The David and Edith Harris Physics Colloquium Series

FALL 2018 Schedule

Thursdays // Socials: 3:30pm in 4-349 (Pappalardo Room) // Talk: 4:00pm in 10-250 (unless otherwise noted)

OCTOBER 25, 2018
RAMESH NARAYAN
Department of Astronomy, Harvard University
Host: Deepto Chakrabarty

PAPPALARDO DISTINGUISHED LECTURE

"Observing Black Holes Up Close and Personal"

Accretion of gas on black holes powers many energetic phenomena in the universe. The accretion power generally comes out as radiation, but sometimes also as relativistic jets. The region close to the black hole, where accreting magnetized gas disappears through the horizon and where the jet originates, involves complex nonlinear physics. In the case of a few nearby supermassive black holes, thanks to the Event Horizon Telescope, this region will soon be amenable to direct observational study. Meanwhile, theoretical study of the nonlinear physics of black hole accretion has become practical with the development of numerical codes to simulate multi-dimensional radiation MHD flows in general relativistic space-times. However, poor understanding of the underlying plasma processes is a severe bottleneck and needs to be addressed before we can expect convergence between theoretical models and observations.

Time: 4:00 pm
Place: Room 10-250
Refreshments @ 3:30 pm in 4-349 (Pappalardo Community Room)

NOVEMBER 1, 2018
JOCHEN MANNHART
Max Planck Institute for Solid State Research
Host: Riccardo Comin

"Loss-Free Charge Transport without Superconductivity?"

The discovery of superconductivity enabled the transport of electric charge without dissi-pation. Sustained, constructive work to develop sophisticated superconducting materials has led to enormous advances in the performance of superconductors and in raising their critical temperature. Interestingly, dissipation-free charge flow also exists in non-superconducting systems. Atoms, molecules, atomic clusters, and mesoscopic conduc-ting rings may carry such currents. Quantum-Hall systems also transport current loss-free if biased in a quantum-Hall plateau. Loss-free currents have furthermore been found to flow along the edges of topological insulators. In all systems described, dissipation-free transport is based on sustained quantum coherence and the suppression of inelastic scattering. Here, we report on our search for further possibilities to realize loss-free charge flow in non-superconducting devices or wires. We introduce quantum devices that use collapses of the wave functions and a subsequent coherent evolution of quantum states as essen-tial device elements. These devices are candidates to realize astonishing functional pro-perties, including lossless current transport in wires at high temperatures.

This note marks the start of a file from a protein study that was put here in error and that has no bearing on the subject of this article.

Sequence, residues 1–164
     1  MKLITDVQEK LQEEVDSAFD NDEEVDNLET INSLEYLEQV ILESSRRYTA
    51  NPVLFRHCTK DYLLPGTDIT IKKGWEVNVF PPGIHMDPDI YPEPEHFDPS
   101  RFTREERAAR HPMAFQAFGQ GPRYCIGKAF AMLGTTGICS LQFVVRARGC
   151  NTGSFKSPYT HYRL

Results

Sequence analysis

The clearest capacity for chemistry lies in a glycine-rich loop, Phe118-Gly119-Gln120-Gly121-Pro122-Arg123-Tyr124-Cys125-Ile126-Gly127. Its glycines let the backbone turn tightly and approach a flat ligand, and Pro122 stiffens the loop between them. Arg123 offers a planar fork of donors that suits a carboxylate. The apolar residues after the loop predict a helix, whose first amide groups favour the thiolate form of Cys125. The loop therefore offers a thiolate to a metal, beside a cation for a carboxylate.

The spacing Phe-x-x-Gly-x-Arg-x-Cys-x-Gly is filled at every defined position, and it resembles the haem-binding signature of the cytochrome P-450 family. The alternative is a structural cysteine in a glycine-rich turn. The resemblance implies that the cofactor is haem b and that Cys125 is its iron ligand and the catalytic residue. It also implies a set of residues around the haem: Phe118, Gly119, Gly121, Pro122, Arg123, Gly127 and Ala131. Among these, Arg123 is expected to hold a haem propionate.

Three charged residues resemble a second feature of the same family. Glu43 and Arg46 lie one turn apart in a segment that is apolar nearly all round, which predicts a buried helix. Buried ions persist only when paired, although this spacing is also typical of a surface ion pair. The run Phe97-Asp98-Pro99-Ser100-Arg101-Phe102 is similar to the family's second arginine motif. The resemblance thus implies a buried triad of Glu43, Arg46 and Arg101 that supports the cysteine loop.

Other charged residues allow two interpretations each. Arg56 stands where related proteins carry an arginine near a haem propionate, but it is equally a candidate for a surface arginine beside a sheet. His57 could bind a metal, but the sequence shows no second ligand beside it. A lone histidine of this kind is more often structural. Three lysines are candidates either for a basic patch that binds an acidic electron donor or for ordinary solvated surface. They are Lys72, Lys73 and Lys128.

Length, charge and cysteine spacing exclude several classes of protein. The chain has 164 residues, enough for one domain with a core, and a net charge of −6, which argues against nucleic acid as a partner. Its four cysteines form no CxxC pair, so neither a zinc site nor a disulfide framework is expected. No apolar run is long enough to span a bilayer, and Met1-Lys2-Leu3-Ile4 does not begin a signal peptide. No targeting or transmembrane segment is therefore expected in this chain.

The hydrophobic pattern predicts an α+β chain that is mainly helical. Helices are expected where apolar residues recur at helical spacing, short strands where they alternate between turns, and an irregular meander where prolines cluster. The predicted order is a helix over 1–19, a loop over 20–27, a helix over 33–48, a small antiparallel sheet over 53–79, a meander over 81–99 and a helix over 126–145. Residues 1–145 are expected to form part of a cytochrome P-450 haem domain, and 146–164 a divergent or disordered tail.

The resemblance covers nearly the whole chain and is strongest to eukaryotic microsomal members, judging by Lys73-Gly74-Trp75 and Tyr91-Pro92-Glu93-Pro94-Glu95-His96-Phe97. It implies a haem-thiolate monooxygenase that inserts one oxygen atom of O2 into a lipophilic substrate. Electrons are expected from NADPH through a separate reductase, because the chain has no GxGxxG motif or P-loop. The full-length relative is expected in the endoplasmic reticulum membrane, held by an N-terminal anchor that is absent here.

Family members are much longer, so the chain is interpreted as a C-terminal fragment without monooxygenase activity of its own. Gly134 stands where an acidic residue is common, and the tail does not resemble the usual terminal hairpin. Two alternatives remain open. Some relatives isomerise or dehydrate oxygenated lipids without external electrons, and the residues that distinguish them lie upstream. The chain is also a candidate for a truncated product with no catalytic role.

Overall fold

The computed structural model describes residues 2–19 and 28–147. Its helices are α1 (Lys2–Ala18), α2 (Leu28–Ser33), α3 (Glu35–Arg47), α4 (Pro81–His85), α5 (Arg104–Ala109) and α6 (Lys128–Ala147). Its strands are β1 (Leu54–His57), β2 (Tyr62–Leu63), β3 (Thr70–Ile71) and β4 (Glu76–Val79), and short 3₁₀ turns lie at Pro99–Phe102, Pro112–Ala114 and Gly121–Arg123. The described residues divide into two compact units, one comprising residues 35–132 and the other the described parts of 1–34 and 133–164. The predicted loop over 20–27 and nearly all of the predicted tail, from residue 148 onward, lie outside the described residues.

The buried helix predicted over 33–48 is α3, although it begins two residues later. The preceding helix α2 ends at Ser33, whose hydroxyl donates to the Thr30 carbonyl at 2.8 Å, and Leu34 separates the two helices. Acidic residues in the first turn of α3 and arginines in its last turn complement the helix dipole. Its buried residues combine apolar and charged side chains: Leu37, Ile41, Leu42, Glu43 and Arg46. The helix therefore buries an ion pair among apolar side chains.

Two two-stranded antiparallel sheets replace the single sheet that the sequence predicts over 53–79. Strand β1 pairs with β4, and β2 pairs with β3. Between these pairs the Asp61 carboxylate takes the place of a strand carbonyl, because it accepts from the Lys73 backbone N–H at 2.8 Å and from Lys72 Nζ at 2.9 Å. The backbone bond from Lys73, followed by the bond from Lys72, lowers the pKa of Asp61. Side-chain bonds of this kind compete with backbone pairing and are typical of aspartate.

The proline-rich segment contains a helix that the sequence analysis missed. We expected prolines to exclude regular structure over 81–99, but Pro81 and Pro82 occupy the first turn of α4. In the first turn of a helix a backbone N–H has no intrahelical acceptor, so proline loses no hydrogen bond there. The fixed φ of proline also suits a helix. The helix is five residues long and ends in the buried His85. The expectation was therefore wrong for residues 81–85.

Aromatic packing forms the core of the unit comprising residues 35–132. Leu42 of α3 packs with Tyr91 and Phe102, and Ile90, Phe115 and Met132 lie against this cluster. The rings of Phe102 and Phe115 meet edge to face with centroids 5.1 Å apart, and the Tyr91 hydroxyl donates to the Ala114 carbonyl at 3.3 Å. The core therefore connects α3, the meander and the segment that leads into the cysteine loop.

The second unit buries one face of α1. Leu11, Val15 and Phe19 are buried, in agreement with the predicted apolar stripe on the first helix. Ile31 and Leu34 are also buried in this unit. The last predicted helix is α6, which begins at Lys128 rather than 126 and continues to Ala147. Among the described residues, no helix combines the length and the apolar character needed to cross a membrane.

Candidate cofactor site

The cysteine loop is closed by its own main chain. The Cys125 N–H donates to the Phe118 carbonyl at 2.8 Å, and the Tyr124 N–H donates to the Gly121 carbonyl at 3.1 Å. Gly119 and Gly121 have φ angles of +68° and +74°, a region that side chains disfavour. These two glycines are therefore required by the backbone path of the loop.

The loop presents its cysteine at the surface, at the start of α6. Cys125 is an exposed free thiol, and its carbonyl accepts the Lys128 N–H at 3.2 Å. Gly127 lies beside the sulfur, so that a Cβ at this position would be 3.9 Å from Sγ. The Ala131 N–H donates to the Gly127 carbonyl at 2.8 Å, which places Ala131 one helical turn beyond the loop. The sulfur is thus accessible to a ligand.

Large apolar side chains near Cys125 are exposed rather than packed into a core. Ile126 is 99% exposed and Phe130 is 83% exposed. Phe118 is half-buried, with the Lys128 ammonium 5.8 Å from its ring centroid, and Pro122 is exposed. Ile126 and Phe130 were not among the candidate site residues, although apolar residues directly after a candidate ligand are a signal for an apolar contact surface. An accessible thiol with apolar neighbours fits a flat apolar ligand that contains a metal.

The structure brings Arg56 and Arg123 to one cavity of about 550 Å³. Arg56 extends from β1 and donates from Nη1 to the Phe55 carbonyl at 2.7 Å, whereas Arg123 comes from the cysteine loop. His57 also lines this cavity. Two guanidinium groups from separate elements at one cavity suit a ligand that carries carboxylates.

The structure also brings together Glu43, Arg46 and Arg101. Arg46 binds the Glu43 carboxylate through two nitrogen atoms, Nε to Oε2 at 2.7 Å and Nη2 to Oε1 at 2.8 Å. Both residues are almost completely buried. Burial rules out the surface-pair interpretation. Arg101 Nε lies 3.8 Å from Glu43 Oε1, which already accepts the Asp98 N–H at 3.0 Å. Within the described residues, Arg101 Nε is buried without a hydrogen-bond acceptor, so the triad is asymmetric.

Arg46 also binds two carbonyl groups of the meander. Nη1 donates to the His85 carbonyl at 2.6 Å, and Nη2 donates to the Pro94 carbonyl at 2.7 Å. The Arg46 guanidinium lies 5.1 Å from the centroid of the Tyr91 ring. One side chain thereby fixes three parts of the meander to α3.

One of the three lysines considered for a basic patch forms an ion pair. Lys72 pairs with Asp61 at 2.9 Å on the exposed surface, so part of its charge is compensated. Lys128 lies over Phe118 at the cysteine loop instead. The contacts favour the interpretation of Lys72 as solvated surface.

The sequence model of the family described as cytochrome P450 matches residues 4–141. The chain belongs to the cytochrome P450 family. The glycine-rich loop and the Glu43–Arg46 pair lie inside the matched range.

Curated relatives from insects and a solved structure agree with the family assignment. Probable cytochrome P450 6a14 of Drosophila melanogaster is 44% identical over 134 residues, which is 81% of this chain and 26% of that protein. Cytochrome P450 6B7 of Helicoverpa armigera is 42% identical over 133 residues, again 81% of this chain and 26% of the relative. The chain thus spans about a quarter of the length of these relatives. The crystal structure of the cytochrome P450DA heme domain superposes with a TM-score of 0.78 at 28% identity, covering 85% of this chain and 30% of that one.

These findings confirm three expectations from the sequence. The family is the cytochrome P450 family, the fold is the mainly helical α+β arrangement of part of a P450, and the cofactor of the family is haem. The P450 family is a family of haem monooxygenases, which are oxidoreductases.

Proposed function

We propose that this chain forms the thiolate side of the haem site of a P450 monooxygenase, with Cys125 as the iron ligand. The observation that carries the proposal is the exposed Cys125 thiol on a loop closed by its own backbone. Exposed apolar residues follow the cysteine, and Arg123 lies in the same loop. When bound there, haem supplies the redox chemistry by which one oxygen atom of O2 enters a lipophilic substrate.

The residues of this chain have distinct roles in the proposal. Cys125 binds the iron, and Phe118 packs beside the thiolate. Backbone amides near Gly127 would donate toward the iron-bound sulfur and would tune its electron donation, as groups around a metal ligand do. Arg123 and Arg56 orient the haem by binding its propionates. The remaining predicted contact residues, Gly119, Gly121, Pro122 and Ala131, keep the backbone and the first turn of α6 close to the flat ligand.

Time: 4:00 pm
Place: Room 10-250
Refreshments @ 3:30 pm in 4-349 (Pappalardo Community Room)

NOVEMBER 8, 2018
DAVID DEMILLE
Yale University
Host: David Pritchard

"A tabletop-scale probe for TeV physics: the electric dipole moment of the electron"

Time-reversal (T) symmetry is observed to be broken in K- and B-meson systems, in a manner consistent with the Standard Model (SM) of particle physics. Violation of T-invariance also allows elementary particles such as the electron to have an electric dipole moment (EDM) along their spin axis. Although the SM prediction for the electron EDM is too small to detect, extensions to the SM with new physics at the TeV scale—or even far above it—can lead to an EDM near the experimental bound. I will describe our ACME experiment, which uses a tabletop-scale apparatus and methods of atomic/molecular/optical physics to detect the electron EDM. Our 2018 result from ACME has sensitivity an order of magnitude better than in any prior work, but the electron EDM remains consistent with zero. I will discuss the impact of this result in the wider context of the search for physics beyond the Standard Model, and prospects for future progress in the search for a nonzero EDM.

Time: 4:00 pm
Place: Room 10-250
Refreshments @ 3:30 pm in 4-349 (Pappalardo Community Room)

NOVEMBER 15, 2018
NEVIN WEINBERG
MIT
Host: TBA

"When stars go nonlinear: large amplitude tides and stellar oscillations"

Tides significantly impact the structure, evolution, and fate of many types of close binary systems, including short-period exoplanets, stellar binaries, and coalescing binary neutron stars.  In many of these systems, the tide’s amplitude is so large that it cannot be treated as a small, linear perturbation to the background star.  In this talk, I will show that nonlinear effects can greatly enhance the rate of tidal dissipation and thus the rate of binary evolution.  As examples, I will describe how nonlinear tides influence the orbital decay of hot Jupiters and the gravitational-wave signal of coalescing binary neutron stars.  I will also discuss the nonlinearity of oscillation-modes in red giants, which are excited by turbulent motions within the convective envelope of the star.  The rich oscillation spectra observed by the CoRoT and Kepler space missions, and soon TESS, has yielded a wealth of information about the internal and global properties of thousands of red giants.

Time: 4:00 pm
Place: Room 10-250
Refreshments @ 3:30 pm in 4-349 (Pappalardo Community Room)

NOVEMBER 29, 2018
MIKE WILLIAMS
MIT
Host: TBA

Title and Abstract - TBA

Time: 4:00 pm
Place: Room 10-250
Refreshments @ 3:30 pm in 4-349 (Pappalardo Community Room)

DECEMBER 6, 2018
WILLIAM DETMOLD
MIT
Host: TBA

Title and Abstract - TBA